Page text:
In Wyrd Sisters Lancre doesn't have a flashy crown, well not compared to the crowns a group of actors have. It's lampshaded by Granny Weatherwax that imitation crowns are always cool and flashy looking, because that is what people expect crowns to be. Real crowns are just an impractical hat and badge of office so aren't that impressive.
  • October 21, 2011
    Generality
  • October 21, 2011
    DragonQuestZ
    "And there are tons of tropes that have diagrams and such to explain the trope, don't pretend like there aren't."

    I didn't claim there aren't any. You are claiming that it's necessary for this trope, when it's not.

    And my point about useful notes was that it would be a legit reason to list every major crown type, but it's not that, so that reason is not valid.

    "I'm going to leave it picture-less when its launched."

    That's really petty. If I turn down a picture in ykttw, it's because I feel it shows the trope poorly, not leaves one optional aspect out that I really want.
  • October 21, 2011
    DragonQuestZ
    If you really want a laurel wreath picture on the collage, then ask for it, and I would do it (preferably also requesting another type of crown not shown to make it an even 8).

    But it's just something you want added (which itself isn't bad, as you're entitled to an opinion), not something that is needed, as though one type of crown left out magically wouldn't show the trope then (which is unnecessarily trying to make an opinion appear as fact).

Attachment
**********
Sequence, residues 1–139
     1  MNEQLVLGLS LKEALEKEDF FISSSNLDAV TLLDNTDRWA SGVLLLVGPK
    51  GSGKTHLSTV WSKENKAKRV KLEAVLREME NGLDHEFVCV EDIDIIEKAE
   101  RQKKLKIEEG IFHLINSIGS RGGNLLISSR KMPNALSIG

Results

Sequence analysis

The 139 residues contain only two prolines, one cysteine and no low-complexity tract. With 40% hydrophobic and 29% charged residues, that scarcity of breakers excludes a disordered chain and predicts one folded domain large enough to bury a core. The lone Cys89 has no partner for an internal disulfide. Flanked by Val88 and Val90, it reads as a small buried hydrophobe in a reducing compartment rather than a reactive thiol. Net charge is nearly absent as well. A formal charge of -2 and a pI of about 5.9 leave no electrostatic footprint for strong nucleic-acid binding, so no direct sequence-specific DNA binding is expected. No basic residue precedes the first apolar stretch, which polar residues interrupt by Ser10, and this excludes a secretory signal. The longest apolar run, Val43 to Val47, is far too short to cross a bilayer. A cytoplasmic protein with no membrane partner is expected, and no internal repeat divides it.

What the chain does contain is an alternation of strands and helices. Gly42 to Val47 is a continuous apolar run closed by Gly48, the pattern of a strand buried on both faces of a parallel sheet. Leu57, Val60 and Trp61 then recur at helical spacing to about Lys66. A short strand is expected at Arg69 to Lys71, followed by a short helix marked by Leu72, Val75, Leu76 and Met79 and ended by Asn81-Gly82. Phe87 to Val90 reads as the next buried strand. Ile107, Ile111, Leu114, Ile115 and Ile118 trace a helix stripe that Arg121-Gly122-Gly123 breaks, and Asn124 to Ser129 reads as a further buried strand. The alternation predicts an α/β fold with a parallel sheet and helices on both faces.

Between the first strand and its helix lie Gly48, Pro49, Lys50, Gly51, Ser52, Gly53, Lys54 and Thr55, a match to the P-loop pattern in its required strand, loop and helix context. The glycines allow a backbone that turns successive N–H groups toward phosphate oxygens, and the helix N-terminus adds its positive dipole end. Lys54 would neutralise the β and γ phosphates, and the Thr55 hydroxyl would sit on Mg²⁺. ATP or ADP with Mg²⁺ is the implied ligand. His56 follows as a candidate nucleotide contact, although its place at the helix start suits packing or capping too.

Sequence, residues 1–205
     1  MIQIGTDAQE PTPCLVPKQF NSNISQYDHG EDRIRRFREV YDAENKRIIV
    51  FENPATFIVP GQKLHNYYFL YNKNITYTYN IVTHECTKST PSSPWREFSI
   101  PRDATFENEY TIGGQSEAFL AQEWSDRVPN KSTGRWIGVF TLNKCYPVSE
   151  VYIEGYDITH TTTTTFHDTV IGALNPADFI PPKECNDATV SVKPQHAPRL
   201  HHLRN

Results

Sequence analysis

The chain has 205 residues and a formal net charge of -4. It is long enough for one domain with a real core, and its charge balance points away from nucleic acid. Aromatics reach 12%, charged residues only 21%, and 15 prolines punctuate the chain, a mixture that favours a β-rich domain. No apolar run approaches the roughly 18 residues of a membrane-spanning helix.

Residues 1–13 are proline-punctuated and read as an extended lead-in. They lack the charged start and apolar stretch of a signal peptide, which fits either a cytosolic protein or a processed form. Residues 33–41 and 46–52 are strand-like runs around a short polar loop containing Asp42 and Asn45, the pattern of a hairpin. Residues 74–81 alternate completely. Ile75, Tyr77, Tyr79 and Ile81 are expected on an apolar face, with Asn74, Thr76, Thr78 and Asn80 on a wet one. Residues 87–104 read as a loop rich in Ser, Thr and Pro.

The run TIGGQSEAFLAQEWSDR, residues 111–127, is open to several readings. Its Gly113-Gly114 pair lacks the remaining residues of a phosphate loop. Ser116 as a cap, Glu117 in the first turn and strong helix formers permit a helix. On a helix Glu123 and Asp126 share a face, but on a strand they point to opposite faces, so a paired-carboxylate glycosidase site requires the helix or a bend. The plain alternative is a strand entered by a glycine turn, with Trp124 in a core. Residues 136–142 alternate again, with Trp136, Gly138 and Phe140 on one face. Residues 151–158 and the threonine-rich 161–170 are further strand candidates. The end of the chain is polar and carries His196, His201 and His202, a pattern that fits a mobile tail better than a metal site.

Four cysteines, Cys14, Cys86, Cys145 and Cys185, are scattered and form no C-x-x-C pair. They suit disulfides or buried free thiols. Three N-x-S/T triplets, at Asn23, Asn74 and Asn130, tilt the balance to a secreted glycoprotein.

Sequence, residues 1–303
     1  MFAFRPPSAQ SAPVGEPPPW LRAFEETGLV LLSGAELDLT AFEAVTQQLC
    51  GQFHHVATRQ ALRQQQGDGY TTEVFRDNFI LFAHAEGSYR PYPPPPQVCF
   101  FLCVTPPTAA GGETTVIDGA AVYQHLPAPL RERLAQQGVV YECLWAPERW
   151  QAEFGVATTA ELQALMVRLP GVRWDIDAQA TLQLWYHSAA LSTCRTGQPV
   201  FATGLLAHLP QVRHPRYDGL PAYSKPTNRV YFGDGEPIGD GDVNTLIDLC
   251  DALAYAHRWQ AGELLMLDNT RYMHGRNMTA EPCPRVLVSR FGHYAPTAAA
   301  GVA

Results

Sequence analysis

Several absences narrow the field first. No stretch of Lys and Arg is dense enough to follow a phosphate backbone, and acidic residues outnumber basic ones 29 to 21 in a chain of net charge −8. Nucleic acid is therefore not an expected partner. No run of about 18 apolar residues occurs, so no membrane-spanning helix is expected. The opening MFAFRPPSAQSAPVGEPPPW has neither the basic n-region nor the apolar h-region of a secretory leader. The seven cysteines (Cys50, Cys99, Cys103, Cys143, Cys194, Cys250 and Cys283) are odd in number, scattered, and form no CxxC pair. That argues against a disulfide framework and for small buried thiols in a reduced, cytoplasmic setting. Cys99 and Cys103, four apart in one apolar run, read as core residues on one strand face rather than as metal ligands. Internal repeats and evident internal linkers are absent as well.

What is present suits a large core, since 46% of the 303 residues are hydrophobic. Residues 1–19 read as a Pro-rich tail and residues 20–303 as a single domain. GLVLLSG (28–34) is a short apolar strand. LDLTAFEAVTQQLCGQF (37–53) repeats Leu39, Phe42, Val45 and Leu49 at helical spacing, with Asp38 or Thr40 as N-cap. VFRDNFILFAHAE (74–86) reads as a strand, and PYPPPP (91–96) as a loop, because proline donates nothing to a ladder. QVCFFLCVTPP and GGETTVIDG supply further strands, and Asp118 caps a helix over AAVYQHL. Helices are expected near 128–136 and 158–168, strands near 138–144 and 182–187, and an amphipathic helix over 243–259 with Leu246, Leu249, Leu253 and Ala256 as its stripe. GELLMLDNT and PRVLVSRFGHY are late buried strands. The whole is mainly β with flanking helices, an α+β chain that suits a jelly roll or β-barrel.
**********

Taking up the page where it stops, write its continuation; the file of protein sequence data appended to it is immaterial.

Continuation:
• October 21, 2011
    lulzipents
    Super Mario Bros. enemy bosses have these.
  • October 21, 2011
    ZombieAladdin
    In Angry Birds, some of the bigger and tougher Pigs wear crowns. Such attire is usually switched with whatever headgear is appropriate for the level's theme, however.
  • October 21, 2011
    NoirGrimoir
    @Dragon Quest Z My primary purpose in suggesting leaving it picture-less wasn't to be petty, but to stop this argument. You're the one whose being petty. All I asked was that whatever picture we have, show every type listed. That is it. I don't understand why you're being so antagonistic. All you'd have to do is switch out one or two of the pictures. Now I will not talk about this anymore unless you change your attitude. If you really want to push the picture through, then take it up with Image Picking.

    Also if anyone wants to suggest associations with other types of crowns, I'd be happy to hear and add them.
  • October 21, 2011
    DragonQuestZ
    "All I asked was that whatever picture we have, show every type listed."

    Um, you didn't state before that you meant in the description. I thought you meant every type of crown, period. The latter is very different. The former is fine. And if you would put it up, I would add a laurel wreath to the collage. Do you just have another kind of crown you want added?
  • October 21, 2011